From Heaven Lake: Travels through Sinkiang and Tibet [VIKRAM SETH] on *FREE* shipping on qualifying offers. Key features the popular. From Heaven Lake is a brilliant, classic account of Vikram Seth’s journey through China when he was a 29 year old student at Nanjing. From Heaven Lake: travels through Sinkiang and Tibet / Vikram Seth Seth, From Heaven Lake is the story of his remarkable journey and his encounters with .
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Based on a travel journal, this is a very personal account of Seth’s hitchhiking journey from China, where he was an exchange student, through Tibet to reach Nepal to eventually fly home to his parents in Delhi. Either that, or I wanted to go make friends with Vikram Seth and bring him a big pot of vegetarian spaghetti or something.
From Heaven Lake : travels through Sinkiang and Tibet (Book, ) 
Here we three, cooped, alone, Tibetan, Indian, Han, Against a common dawn Catch what poor sleep we can, And sleeping drag the same Sparse air into our lungs, And dreaming throguh of home Sleeptalk in different tongues.
As a friend of mine says, he is a classical fromm, no gimmicks. But if I were born to the inhuman, dehumanising misery in which the poorest third of our people live, to the squalor and despair and debility that is their life, my answer would not be the same. May 13, Bakul rated it it was amazing.
However, From Heaven Lake is not your usual travelogue; it deals with much more than just one specific journey; it provides a picture of China in Books by Vikram Seth. She later accused him of wanting to pocket tbrough change when he suggested that rather than all of us line up individually to buy tickets to a palace we were visiting, he could collect our money and do it himself.
Also, It would have been great if Vikram had added more of the beautiful surroundings while he was in Tibet. China — Xinjiang Uygur Zizhiqu. What really makes this book though is the beautifully descriptive writing. The travel aspects are great – speaking good Chinese, Seth as a foreigner is able to converse well with most of the locals, and in areas where other languages were required he ended up travelling with those who could translate – this makes this book a little different to many similar books by Westerners, who I don’t think always get the same level of cooperation or communication with the Chinese.
His perspective as a cosmopolitan, middle class and highly-educated Indian student allows for some distance from his subject matter, without ever veering into a sense of outsider-superiority, and the warmth in his relationships with a great many of the people he encounters en route is tangible but seldom if ever veers into sentimentality.
From Heaven Lake
Search WorldCat Find items in libraries near you. He then drops off to sleep, and tugs it away.
Skip to content Home About. Just wanted to mention thrlugh up the fantastic work! He does spend an inor This is the first in the long list of travel accounts that I want to read before heading off on my trip. It is a well written travelogue where you will not be able to put the bo After so long I got to read a book that deserves 5 stars. Too bad it’s out of print and hard to find.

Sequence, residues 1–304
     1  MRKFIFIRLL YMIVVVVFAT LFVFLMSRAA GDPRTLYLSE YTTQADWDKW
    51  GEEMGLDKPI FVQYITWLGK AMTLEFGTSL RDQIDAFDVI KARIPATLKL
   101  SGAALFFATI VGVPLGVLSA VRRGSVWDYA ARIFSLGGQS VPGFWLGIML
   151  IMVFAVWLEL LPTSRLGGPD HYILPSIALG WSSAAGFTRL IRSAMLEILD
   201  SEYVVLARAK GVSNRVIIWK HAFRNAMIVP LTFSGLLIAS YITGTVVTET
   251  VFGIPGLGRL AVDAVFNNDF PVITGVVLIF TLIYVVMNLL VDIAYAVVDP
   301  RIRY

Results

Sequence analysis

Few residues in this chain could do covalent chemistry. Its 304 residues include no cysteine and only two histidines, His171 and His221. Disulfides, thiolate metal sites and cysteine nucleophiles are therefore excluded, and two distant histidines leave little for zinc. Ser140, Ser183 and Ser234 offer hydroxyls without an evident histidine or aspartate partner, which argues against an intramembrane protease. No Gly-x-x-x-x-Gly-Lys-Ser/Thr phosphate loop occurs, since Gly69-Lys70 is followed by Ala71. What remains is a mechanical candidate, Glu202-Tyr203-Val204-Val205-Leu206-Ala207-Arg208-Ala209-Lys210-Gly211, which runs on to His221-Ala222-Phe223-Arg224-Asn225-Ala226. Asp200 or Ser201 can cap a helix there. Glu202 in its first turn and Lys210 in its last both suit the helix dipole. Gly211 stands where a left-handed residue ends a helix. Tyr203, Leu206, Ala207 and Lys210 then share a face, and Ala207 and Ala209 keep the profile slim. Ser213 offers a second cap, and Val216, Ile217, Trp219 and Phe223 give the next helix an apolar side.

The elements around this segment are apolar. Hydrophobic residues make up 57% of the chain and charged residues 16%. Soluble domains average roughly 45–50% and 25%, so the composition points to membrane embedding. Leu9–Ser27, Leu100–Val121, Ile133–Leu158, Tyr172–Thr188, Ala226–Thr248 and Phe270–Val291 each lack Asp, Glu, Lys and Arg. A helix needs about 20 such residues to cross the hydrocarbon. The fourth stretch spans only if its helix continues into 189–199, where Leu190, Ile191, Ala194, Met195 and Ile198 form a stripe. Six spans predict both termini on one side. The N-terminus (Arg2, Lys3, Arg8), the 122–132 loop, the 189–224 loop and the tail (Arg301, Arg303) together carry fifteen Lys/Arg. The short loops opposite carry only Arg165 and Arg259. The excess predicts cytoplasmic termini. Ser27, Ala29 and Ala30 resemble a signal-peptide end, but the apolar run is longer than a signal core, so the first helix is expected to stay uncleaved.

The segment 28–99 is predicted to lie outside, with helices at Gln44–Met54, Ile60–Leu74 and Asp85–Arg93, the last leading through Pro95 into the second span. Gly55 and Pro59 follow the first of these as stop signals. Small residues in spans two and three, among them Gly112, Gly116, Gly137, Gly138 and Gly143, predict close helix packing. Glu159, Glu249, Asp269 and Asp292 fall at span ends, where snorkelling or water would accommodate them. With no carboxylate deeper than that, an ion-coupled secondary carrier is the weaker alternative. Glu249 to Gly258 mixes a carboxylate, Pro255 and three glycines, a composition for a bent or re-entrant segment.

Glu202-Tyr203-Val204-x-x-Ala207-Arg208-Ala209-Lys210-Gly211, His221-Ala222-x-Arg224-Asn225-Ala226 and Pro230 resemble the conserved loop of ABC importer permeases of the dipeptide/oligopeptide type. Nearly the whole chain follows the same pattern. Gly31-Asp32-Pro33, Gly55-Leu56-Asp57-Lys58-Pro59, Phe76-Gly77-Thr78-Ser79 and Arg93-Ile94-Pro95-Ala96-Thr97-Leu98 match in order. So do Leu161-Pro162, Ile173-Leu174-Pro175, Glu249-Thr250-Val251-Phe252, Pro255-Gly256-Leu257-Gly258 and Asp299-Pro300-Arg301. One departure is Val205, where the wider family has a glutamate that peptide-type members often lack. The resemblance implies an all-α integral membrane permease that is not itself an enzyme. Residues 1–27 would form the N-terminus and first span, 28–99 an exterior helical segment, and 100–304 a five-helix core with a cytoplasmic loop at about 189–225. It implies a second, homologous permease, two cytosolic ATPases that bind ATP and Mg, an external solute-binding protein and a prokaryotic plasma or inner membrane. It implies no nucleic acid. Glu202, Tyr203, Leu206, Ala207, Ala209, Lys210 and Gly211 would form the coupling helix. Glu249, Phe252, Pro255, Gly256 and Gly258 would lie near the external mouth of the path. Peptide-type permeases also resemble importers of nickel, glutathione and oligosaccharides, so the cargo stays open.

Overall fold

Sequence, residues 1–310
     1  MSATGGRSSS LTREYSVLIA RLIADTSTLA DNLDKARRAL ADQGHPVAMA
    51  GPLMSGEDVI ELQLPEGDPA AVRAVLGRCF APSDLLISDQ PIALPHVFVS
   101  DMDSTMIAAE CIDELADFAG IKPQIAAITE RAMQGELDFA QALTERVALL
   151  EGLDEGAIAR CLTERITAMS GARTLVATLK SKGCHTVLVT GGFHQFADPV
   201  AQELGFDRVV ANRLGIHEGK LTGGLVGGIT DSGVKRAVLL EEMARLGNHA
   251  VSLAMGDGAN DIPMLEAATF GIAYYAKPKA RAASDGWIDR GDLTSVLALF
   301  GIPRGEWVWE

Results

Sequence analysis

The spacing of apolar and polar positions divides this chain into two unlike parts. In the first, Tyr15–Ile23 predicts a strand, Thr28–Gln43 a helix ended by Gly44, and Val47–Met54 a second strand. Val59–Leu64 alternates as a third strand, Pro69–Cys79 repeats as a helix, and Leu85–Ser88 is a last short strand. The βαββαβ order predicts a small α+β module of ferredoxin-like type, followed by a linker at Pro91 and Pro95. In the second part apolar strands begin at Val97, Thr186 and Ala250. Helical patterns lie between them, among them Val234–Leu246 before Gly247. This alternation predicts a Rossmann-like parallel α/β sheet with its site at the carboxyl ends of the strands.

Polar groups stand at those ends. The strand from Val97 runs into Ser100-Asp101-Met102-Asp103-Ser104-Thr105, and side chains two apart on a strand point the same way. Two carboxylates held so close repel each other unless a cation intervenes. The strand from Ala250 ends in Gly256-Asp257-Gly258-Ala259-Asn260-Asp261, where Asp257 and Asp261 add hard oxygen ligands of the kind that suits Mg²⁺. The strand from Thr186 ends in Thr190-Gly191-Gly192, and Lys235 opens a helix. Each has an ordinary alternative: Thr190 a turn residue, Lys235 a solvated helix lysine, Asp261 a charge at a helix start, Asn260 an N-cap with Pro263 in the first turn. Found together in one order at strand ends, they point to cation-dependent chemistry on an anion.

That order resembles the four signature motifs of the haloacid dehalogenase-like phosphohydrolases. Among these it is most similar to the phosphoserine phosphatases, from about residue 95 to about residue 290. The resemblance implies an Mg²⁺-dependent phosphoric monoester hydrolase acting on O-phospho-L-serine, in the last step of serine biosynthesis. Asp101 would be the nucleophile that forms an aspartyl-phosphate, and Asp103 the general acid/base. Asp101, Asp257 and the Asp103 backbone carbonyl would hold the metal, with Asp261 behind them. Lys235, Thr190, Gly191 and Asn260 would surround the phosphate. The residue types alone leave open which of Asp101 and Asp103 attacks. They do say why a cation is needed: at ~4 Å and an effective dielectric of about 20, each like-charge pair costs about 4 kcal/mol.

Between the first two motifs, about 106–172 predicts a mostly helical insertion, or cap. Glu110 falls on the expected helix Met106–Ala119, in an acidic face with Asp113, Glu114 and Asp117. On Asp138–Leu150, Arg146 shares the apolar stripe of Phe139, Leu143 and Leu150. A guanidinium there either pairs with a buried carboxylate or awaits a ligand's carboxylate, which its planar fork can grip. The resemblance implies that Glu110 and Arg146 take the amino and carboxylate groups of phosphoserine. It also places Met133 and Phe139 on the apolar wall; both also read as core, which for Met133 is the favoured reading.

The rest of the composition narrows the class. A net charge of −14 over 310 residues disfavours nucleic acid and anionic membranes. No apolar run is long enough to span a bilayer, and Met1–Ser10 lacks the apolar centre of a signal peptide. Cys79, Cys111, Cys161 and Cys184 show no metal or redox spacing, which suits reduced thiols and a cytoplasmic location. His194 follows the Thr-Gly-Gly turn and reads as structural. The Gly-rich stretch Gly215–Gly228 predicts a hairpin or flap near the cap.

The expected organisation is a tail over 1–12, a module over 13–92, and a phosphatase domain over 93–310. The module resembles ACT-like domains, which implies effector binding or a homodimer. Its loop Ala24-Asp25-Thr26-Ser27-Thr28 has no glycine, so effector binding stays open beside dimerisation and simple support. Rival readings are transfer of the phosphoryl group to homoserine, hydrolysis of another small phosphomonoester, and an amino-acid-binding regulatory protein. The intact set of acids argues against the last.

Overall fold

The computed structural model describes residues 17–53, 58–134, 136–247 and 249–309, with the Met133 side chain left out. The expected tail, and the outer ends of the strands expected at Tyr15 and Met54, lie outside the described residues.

But what’s most fascinating on this journey are the conversations he has with ordinary Chinese and Tibetan people, people whom he probably wouldn’t have had a chance to engage with had he travelled through the traditional state-controlled channels. Books have this capacity to surprise me.
I kept thinking it would make a better magazine article than a book. Sometimes they are the behaviours of others. That country was on the verge of relaxing its rules towards foreign visitors, but in Seth still needed police permission to travel anywhere in China, even major cities, let alone sensitive areas like Tibet.
There is no culture that does not have its flute — the reed neh, the recorder, the Japanese shakuhachi, the deep bansuri of Hindustani classical music, the clear or breathy flutes of South America, the high-pitched Chinese flutes.
The result is a wonderful book, full of witty observations, good, clear prose and profound meditations on India and China.
He manages to portray the mysterious beauty snkiang the eastern provinces of China that is a result of a web of changing topography and weather patterns. Yet to hear any flute is, its seems to be, to be drawn into the commonalty of all mankind, Flute music always does this to me: Seth travels through the provinces of Gansu, then Qinghai, and on to Tibet before crossing the land border to Nepal.
I especially enjoyed Seth’s description of the people he met and the warmth and hospitality he received on his journey.
Despite being in a country suspicious of foreigners, Seth managed to hold some political conversations with his fellow travelers that give a peek into the mindset of the local populace. It was not all about the sights to see, but about the getting there too. View all posts by Elen. I had fairly low expectations of this book, and it was surprisingly good. Seth compares and contrasts the successes and failures of India and China in the second half of the twentieth century: It’s a rare experience to read a beautiful travelogue and experience the length and breadth of traveling through China.
I read the book before leaving for my trip to China. Its motive force too is living breath: Each has its specific fingering and compass.